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Apple Developing Augmented Reality 3D Sensor for 2019 iPhone

The pace of development never slows down in the world of smartphones, and that includes the iPhone. With the iPhone X only just hitting Apple Store shelves, we're already starting to hear rumors of what Apple has planned for future iterations of the smartphone. More specifically, what we can expect to find on the back of a 2019 iPhone.

Bloomberg reports that Apple is hard at work developing a new rear-facing 3D sensor for the iPhone. Unlike the TrueDepth sensor located on the front of the iPhone X, which uses an array of 30,000 laser dots, this new sensor would rely on time-of-flight to detect objects. Using this method, the sensor bounces a laser off objects to create a 3D image of the environment directly behind the phone.

The main reason for adding this rear-facing sensor is more believable augmented reality experiences. If the iPhone is able to detect real-world objects, then the AR experience being viewed can take them into account in the scene. For example, parts of the AR scene could be hidden if they appear behind a real object, therefore maintaining the illusion. Currently, real objects are ignored in AR.

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Time-of-flight laser sensors are nothing new. Infineon, Sony, STMicroelectronics, and Panasonic already offer them. However, we all know how demanding Apple is when it comes to new tech for its smartphones. They will want this sensor to be very small, very thin, and requiring minimal power to run. If those requirements can't be met, then the sensor won't be added in 2019.

If the sensor does make the grade, it will mean future iPhones carry two 3D sensors. The TrueDepth system will continue to be on the front of the handset, while this new sensor is positioned on the back, most likely next to the cameras. It also means developers will gain access to an upgraded ARKit framework from Apple allowing them to take full advantage of the new sensor data for their AR apps.

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Facebook mistakenly leaked developer analytics reports to testers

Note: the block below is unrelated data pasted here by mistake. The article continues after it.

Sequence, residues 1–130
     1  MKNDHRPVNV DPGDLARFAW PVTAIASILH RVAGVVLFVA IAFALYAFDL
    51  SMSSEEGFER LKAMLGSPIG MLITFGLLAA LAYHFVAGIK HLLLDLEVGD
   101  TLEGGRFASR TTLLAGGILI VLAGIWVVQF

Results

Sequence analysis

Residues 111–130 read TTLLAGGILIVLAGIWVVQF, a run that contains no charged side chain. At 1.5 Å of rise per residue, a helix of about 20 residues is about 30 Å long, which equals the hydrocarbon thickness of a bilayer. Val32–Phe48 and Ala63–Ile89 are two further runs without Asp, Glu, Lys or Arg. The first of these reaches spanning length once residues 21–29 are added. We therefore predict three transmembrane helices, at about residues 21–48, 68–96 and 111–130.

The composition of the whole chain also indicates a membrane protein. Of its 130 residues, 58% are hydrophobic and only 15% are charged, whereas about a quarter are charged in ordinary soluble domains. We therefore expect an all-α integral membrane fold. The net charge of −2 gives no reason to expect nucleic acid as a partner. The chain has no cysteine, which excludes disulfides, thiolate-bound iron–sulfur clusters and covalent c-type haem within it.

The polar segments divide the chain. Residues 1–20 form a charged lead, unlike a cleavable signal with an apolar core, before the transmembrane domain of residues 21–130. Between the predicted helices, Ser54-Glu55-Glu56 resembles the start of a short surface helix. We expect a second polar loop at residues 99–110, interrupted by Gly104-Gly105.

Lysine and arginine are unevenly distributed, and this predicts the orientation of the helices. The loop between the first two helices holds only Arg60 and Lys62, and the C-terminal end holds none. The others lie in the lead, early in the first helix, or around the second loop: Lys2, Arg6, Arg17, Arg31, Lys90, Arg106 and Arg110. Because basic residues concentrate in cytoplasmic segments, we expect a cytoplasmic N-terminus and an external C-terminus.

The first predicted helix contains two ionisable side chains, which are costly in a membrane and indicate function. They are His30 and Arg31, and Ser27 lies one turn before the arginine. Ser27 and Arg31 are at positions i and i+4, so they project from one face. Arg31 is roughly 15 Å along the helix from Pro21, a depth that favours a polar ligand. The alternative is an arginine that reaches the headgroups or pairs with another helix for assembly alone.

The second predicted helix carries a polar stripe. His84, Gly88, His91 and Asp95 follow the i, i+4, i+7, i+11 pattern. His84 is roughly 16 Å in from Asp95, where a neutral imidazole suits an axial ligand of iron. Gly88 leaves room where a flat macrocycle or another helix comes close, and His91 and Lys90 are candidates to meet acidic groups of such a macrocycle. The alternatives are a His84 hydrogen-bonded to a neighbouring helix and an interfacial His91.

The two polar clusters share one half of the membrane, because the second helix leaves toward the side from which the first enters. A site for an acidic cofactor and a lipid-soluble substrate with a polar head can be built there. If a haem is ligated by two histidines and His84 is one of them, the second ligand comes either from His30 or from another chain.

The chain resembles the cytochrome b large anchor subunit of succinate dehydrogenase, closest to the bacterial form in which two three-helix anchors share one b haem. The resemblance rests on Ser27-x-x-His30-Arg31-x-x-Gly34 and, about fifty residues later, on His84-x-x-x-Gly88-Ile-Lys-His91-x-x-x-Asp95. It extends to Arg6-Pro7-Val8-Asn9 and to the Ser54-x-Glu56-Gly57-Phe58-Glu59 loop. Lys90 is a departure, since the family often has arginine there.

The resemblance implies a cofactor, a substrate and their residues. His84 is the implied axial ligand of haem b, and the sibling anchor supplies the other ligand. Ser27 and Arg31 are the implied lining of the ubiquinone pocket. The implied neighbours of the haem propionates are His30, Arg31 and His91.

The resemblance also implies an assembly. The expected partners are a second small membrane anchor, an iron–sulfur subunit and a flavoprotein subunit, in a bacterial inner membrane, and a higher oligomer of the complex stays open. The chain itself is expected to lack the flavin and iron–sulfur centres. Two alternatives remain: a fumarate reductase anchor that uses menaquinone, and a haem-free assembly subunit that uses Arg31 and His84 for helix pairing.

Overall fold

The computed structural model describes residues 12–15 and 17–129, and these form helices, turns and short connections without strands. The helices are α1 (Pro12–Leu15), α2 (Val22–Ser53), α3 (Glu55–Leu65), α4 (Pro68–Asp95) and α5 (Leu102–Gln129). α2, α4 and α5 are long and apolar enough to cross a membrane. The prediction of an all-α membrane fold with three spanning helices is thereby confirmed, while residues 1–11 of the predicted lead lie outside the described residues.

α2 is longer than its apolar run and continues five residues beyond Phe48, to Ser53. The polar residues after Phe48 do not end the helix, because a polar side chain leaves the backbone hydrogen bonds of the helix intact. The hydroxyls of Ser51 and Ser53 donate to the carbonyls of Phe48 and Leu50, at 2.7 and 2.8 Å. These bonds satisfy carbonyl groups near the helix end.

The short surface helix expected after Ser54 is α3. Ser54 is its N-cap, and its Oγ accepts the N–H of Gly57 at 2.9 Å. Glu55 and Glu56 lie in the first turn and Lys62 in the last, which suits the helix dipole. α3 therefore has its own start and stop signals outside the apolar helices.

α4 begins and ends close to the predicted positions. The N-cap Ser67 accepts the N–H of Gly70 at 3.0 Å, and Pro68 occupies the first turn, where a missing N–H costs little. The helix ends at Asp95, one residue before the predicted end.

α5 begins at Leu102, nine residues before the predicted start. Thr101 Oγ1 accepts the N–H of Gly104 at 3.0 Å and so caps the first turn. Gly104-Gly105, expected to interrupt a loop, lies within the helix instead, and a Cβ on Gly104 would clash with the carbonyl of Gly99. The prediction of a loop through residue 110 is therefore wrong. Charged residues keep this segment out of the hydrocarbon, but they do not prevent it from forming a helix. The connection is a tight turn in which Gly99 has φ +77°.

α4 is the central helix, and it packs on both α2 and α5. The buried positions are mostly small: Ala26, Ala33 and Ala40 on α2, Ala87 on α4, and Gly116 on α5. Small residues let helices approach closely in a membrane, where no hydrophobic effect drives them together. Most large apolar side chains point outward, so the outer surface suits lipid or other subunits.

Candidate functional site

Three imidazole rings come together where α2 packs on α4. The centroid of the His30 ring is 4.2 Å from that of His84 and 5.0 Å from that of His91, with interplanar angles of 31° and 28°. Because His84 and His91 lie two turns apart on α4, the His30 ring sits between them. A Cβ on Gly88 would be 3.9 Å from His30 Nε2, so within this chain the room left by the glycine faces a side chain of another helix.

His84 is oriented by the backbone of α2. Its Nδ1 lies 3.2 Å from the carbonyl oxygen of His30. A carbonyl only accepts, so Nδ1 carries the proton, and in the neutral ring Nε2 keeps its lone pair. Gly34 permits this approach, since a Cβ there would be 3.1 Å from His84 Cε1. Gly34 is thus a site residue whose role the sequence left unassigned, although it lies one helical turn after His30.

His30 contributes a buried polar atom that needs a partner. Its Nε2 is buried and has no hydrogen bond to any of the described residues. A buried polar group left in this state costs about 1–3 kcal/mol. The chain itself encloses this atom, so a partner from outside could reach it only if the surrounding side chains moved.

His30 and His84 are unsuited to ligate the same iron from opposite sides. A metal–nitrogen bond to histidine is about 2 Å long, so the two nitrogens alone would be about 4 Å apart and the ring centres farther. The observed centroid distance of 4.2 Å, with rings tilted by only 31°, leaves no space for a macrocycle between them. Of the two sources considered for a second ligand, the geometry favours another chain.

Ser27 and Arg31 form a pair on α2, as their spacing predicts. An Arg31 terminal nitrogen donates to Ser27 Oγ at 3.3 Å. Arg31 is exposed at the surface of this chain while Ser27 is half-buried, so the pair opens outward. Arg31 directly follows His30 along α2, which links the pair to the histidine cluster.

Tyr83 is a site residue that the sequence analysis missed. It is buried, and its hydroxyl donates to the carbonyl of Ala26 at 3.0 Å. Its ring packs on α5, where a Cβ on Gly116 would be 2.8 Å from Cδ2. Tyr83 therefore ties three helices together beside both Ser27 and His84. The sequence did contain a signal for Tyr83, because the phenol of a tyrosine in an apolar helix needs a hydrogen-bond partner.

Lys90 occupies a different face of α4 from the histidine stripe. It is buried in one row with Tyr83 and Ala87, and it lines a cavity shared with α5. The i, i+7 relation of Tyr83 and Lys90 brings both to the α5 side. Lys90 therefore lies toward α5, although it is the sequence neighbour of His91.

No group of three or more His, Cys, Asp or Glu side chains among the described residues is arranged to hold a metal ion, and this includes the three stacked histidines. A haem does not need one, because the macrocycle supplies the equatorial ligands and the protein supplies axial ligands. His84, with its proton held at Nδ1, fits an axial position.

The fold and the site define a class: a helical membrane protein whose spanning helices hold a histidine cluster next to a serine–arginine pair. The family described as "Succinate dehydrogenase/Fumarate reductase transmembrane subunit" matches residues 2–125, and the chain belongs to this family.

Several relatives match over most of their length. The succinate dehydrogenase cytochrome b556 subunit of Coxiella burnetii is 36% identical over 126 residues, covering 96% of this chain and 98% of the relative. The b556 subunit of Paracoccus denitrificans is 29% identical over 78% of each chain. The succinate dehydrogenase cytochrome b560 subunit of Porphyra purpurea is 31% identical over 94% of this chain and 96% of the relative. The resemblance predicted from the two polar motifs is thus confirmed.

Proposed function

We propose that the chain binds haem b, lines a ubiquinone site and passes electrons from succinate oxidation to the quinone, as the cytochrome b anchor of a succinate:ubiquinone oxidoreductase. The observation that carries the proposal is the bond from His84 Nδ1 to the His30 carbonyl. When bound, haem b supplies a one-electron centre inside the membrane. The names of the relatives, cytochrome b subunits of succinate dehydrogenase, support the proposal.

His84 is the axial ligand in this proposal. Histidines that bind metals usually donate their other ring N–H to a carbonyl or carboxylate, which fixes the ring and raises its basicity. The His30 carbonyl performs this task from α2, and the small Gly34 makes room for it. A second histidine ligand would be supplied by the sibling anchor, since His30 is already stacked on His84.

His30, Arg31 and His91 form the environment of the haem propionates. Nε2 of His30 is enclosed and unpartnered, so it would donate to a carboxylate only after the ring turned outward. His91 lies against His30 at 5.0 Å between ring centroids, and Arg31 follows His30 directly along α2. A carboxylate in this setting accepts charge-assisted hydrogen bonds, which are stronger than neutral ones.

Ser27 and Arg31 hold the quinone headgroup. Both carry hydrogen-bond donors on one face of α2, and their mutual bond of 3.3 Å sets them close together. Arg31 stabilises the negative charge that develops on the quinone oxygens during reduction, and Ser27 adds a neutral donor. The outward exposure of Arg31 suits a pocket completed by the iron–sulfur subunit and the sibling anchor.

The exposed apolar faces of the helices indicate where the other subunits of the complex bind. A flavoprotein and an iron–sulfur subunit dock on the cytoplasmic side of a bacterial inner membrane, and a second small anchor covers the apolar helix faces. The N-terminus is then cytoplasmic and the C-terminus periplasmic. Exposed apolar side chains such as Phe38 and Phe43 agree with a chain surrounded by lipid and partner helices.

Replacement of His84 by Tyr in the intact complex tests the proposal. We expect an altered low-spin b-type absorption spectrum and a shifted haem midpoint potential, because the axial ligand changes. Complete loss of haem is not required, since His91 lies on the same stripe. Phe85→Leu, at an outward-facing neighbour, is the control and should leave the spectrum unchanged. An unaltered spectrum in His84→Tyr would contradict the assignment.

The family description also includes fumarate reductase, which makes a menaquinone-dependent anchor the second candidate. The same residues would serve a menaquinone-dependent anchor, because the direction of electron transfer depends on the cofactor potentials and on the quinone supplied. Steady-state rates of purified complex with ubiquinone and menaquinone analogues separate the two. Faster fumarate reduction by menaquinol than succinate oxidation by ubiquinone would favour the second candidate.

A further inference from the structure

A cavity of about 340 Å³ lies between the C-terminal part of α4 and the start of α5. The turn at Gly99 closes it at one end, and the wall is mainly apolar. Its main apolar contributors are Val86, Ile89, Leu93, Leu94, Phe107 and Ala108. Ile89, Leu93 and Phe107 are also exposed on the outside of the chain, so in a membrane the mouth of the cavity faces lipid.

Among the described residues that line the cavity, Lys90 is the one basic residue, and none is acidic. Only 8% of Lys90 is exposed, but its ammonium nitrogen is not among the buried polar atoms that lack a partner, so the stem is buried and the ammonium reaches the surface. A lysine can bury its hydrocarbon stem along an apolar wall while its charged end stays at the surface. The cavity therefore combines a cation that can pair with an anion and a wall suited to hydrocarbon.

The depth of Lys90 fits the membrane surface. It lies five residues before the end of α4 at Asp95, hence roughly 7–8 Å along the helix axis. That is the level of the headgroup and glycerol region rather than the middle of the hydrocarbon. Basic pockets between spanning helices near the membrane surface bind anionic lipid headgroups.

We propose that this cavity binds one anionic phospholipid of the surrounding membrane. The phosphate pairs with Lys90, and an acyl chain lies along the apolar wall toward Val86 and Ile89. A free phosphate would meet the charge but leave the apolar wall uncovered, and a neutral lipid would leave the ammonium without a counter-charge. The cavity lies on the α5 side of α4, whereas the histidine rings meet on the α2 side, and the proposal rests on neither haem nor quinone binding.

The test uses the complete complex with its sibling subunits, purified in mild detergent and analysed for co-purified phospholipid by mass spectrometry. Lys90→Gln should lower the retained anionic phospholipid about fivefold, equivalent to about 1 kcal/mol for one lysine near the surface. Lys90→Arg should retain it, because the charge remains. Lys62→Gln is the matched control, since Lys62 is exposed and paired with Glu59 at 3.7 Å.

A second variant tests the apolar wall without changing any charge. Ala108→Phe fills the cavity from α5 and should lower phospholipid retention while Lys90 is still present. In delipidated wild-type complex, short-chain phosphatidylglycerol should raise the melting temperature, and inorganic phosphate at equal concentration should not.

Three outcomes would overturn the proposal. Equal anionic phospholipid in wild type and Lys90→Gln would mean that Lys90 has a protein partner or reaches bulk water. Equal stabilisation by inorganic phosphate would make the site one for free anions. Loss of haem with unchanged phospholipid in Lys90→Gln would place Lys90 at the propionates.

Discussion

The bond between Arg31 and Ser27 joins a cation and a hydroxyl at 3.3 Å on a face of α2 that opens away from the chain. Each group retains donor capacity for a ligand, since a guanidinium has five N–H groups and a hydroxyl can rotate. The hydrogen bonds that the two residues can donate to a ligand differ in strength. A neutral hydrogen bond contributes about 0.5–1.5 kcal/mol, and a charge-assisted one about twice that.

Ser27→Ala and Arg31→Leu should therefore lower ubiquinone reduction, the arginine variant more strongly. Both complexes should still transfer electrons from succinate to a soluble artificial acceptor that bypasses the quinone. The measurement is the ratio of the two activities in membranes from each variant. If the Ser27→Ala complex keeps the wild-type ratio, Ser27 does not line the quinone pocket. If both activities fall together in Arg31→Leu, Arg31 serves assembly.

Set the “days without a Facebook’s privacy problem” counter to zero. This week, an alarmed developer contacted TechCrunch, informing us that their Facebook App Analytics weekly summary email had been delivered to someone outside their company. It contains sensitive business information including weekly average users, page views, and new users. 43 hours after we contacted Facebook about the issue, the social network now confirms to TechCrunch that 3 percent of apps using Facebook Analytics had their weekly summary reports sent to their app’s testers, instead of only the app’s developers, admins, and analysts. Testers are often people outside of a developer’s company. If the leaked info got to an app’s competitors, it could provide them an advantage. At least they weren’t allowed to click through to view more extensive historical analytics data on Facebook’s site. Facebook tells us it has fixed the problem and no personally identifiable information or contact info was improperly disclosed. It plans to notify all impacted developers about the leak today and has already begun. Below you can find the email the company is sending: Subject line: We recently resolved an error with your weekly summary email We wanted to let you know about a recent error where a summary e-mail from Facebook Analytics about your app was sent to testers of your app ‘[APP NAME WILL BE DYNAMICALLY INSERTED HERE]’. As you know, we send weekly summary emails to keep you up to date with some of your top-level metrics — these emails go to people you’ve identified as Admins, Analysts and Developers. You can also add Testers to your account, people designated by you to help test your apps when they’re in development. We mistakenly sent the last weekly email summary to your Testers, in addition to the usual group of Admins, Analysts and Developers who get updates. Testers were only able to see the high-level summary information in the email, and were not able to access any other account information; if they clicked “View Dashboard” they did not have access to any of your Facebook Analytics information. We apologize for the error and have made updates to prevent this from happening again. One affected developer told TechCrunch “Not sure why it would ever be appropriate to send business metrics to an app user. When I created my app (in beta) I added dozens of people as testers as it only meant they could login to the app…not access info!” They’re still waiting for the disclosure from Facebook. Facebook wouldn’t disclose a ballpark number of apps impacted by the error. Last year it announced 1 million apps, sites, and bots were on Facebook Analytics. However, this issue only affected apps, and only 3% of them. The mistake comes just weeks after a bug caused 14 million users’ Facebook status update composers to change their default privacy setting to public. And Facebook has had problems with misdelivering business information before. In 2014, Facebook accidentally sent advertisers receipts for other business’ ad campaigns, causing significant confusion. The company has also misreported metrics about Page reach and more on several occasions. Though user data didn’t leak and today’s issue isn’t as severe as others Facebook has dealt with, developers still consider their business metrics to be private, making this a breach of that privacy. While Facebook has been working diligently to patch app platform privacy holes since the Cambridge Analytica scandal, removing access to many APIs and strengthening human reviews of apps, issues like today’s make it hard to believe Facebook has a proper handle on the data of its 2 billion users.

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